The pianist, composer, arranger and singer Thandi Ntuli has made 2017 her breakout year. She has long been whispered about in jazz circles as one to watch. But with the release of her album and milestone performances under her belt, she has finally taken her place at the main table in South African jazz. It is perhaps not surprising that her debut album is titled The Offering because it comes across as a highly considered set of songs that seek to present this major new voice in South African music.
Hers is a sound that is at once traditional, but also inherently urban. Those who know the sounds of the township will immediately know that not only can she swing, but she can jive as well. Her uncle was in the band Harare and its experimental jazz-funk has left its traces in some passages of her songs.
Those who have followed the career of Alice Coltrane will immediately pick up the complexity in the voicing of Ntuli’s compositions, as well as the way in which the music is deeply transcendental. It’s clear, too, that this is a pianist who has studied and played classical music. Like Nina Simone, her improvisations are based on rich allusions to songs that are deeply embedded in our subconscious. Listen to the song Cosmic Light and you immediately grasp the rich musical heritage she is able to draw on.
Ntuli says that growing up in a musical family shaped her sense of how jazz should be approached and from the joy and harmony in her singing, you can feel how the family’s singing has been infused into her own songs.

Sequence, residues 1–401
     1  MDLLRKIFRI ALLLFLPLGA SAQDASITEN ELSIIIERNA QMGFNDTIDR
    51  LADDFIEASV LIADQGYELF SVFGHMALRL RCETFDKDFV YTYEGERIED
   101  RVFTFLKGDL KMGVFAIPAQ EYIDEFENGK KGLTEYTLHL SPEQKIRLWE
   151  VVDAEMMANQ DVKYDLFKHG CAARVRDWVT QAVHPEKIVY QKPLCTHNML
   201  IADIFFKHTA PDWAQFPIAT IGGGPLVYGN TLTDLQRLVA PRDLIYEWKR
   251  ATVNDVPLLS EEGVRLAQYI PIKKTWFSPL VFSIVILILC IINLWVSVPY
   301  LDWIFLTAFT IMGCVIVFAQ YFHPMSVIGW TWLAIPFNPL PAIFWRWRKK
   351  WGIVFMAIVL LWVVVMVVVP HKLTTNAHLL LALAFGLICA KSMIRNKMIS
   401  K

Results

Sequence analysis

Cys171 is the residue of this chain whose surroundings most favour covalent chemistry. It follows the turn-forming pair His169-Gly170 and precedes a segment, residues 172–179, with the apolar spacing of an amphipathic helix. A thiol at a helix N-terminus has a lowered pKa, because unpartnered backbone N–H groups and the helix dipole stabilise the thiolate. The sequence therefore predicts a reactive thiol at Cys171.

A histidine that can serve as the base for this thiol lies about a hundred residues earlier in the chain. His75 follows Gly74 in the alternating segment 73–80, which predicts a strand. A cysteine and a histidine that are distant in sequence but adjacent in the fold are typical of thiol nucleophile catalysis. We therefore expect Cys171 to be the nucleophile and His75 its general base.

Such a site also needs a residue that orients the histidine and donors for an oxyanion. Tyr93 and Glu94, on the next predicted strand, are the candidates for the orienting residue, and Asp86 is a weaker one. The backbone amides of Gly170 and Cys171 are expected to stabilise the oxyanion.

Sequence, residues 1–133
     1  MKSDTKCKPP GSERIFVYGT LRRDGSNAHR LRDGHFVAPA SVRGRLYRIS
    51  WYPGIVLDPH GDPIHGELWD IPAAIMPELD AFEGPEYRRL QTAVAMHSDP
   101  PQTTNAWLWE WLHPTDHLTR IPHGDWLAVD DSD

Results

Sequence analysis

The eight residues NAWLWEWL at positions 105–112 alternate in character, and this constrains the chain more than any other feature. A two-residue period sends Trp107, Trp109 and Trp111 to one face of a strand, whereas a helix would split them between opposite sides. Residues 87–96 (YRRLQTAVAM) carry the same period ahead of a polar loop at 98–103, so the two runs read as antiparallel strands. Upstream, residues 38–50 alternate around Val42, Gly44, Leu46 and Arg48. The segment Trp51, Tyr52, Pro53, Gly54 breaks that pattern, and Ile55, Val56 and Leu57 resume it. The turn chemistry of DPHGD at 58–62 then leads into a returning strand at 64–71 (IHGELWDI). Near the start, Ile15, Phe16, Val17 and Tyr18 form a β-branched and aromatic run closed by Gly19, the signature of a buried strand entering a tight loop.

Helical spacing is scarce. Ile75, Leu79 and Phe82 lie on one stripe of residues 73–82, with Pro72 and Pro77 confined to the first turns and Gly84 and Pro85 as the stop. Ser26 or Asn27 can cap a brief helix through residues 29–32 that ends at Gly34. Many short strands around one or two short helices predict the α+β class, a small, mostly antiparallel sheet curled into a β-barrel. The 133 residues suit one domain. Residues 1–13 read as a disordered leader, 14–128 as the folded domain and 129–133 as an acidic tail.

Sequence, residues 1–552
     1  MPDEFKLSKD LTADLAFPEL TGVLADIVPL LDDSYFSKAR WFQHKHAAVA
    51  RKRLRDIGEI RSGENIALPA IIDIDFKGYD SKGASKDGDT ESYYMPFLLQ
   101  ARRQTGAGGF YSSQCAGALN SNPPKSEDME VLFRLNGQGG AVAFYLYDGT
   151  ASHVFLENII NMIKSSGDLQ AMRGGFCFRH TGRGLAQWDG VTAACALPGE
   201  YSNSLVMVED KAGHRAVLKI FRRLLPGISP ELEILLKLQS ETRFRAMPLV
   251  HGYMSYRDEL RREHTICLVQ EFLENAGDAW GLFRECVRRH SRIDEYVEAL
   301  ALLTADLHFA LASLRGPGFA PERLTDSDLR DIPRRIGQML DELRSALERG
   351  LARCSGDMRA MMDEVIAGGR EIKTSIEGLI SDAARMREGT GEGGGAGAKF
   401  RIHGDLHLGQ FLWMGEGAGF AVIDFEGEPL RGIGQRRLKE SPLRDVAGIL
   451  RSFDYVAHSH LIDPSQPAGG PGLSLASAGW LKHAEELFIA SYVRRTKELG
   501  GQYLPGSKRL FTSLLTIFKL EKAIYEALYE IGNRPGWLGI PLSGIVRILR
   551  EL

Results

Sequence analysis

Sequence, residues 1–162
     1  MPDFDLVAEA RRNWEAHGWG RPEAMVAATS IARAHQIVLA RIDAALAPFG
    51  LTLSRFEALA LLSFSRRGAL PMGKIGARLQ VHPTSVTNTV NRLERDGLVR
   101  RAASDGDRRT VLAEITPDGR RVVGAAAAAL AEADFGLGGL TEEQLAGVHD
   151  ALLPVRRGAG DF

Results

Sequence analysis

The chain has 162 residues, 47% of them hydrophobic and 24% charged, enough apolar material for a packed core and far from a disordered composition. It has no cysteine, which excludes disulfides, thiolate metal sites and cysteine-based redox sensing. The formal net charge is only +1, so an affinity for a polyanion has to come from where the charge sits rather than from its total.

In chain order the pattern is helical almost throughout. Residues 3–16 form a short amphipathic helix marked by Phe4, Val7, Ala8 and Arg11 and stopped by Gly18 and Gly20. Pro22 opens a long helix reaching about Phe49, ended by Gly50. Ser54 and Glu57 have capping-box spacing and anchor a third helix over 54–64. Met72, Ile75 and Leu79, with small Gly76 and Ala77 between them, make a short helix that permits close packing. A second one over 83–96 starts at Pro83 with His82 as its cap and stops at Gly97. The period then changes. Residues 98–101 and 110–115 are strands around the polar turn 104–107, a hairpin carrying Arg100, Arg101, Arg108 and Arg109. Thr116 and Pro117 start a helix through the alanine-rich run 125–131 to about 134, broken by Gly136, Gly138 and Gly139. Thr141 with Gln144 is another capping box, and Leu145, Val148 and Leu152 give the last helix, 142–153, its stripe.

She is one of a new generation of pianists that includes Nduduzo Makhathini who are quickly reshaping South African music. They all bring to popular jazz a formal approach that stems from their university education. But they are also drawing from the ‘traditional’ sources that invariably enrich their music and give it a colour that is uniquely South African.
Still only 30, Ntuli has already played at major events like the Cape Town Jazz Festival and has also featured at venues like The Orbit in Johannesburg as well as Nirox Park at the Cradle Of Humankind. Whether she is playing solo or with a big band, there’s a satisfying confidence in her approach to the piano. When she attacks the keys or she whispers to them, you can tell that she has studied the music and knows how to tease out its secrets.
Ntuli started her musical journey very early and before she was five she was already taking classical lessons on piano. She later read for a Bachelor of Music in Jazz Performance at UCT and it is these twin influences that shape her distinct voice. She seems to thrive in collaboration and has already worked with Neo Muyanga, Steve Dyer, Marcus Wyatt and Siya Makuzeni amongst others.
Her time has arrived and her cosmic light is ready to shine a spotlight on South Africa’s New Age jazz scene.